In Emma Woodhouse, Jane Austen has created a wonderfully flawed heroine. Had Emma been perfect, her situation would have been of no interest to anyone; her flaws are what interest both reader and critic. Peter W. Graham is interested particularly with the first page of the novel where Emma is first introduced to the reader. He discusses how significant the beginning of the novel is to mapping out "Emma's personal development"(42). Walton A. Litz and Patricia Meyer Spacks are much more interested in what Emma's imagination shows about her development. Litz says that "[t]he basic movement of Emma is from delusion to self-recognition, from illusion to reality"(369). Spacks takes the opposite argument suggesting Emma doesn't grow but is simply alleviated of her boredom and her imagination disappears with it. I think Emma's growth throughout the novel is pronounced; she starts out loveable enough but with much to learn. She grows from self-delusion to self-awareness and learns to see truth and not just what she wants to see. She also grows in her social vision, although not as much as one may hope. All in all Emma makes significant developments and it is easy to imagine that with more time and Mr. Knightley's influence she will only continue learning and growing.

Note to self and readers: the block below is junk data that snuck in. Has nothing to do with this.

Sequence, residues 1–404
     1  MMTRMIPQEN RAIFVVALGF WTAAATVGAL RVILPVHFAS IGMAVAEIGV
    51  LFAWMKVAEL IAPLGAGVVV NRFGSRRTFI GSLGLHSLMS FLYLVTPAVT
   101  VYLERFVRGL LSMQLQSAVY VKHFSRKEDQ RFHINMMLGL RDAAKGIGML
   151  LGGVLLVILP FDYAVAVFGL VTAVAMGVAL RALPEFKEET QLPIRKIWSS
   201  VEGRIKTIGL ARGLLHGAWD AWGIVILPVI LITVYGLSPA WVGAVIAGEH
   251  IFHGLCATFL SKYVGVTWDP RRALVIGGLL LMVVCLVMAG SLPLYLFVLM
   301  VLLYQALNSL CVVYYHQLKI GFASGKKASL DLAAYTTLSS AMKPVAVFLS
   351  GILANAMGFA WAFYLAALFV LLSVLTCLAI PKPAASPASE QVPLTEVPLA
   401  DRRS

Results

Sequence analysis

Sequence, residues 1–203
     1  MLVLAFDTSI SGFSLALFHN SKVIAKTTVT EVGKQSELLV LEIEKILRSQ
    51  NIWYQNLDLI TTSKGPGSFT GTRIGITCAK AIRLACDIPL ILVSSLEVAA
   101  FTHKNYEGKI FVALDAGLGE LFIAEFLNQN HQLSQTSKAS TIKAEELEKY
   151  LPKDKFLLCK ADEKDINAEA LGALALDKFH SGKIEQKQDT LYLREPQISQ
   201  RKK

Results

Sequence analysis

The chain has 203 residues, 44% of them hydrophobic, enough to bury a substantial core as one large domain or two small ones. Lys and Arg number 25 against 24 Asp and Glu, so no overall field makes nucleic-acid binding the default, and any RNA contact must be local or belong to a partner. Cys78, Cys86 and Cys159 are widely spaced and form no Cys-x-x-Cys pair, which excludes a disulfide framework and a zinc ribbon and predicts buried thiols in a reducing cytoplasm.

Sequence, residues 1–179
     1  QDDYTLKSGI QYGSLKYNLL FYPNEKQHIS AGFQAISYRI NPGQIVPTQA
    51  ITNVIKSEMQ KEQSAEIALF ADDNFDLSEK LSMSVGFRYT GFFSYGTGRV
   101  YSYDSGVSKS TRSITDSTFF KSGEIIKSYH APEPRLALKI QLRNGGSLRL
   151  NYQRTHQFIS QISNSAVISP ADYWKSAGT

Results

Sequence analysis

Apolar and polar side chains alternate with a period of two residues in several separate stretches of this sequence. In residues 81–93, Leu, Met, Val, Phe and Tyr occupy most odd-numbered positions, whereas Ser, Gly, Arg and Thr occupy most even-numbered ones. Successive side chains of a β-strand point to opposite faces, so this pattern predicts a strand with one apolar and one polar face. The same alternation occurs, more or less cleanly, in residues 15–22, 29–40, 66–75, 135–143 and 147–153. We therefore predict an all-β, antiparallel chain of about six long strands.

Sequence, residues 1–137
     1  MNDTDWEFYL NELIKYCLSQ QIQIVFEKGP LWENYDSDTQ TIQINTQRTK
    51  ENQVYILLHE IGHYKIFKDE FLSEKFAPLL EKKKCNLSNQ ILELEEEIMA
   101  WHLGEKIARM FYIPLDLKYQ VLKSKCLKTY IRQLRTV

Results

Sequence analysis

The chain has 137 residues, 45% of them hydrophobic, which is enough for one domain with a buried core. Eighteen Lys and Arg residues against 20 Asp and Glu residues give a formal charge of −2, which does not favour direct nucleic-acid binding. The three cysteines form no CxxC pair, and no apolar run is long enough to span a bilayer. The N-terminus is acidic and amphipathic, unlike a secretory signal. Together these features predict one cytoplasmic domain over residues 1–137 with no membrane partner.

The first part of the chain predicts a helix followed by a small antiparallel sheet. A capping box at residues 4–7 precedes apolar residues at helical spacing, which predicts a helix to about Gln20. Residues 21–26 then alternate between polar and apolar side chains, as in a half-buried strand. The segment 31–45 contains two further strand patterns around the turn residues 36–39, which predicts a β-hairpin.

At the beginning of the novel we are made very aware of Emma's character, both her strengths and her flaws. She starts out, "seem[ing] to unite some of the best blessings in existence"(Austen, 1; Italics, Graham). Her flaws are "at present so unperceived that they d[o] not by any means rank as misfortunes with her" (1) but instead of seeming a fortunate thing Peter W. Graham states that "by naming what Emma has hitherto avo...
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...ce we are never told.
All in all Emma makes great strides in her development and there is no section of her life in which she doesn't improve in part. Having come this far already and with Knightley's continued guidance we can only imagine Emma continuing to learn and grow. As we have already seen in her role as daughter, she has been tested and not been found wanting. This definitely bodes well for any tests remaining in Emma's future.
Austen, Jane. Emma. 1972. Norton Critical ed. New York, NY: W.W. Norton & Company,1993
Graham, Peter W. "Emma's Three Sisters" Arizona Quarterly vol 43 no.1 (1987): 39-52
Litz, A. Walton. "Limits of Freedom: Emma" Emma. 1972. Norton Critical ed. New York, NY: W.W. Norton & Company, 1993, 369-377
Spacks, Patricia Meyer. "Women & Boredom: The Two Emmas" Yale Journal of Criticism vol.2 no. 2 (1989): 191-205
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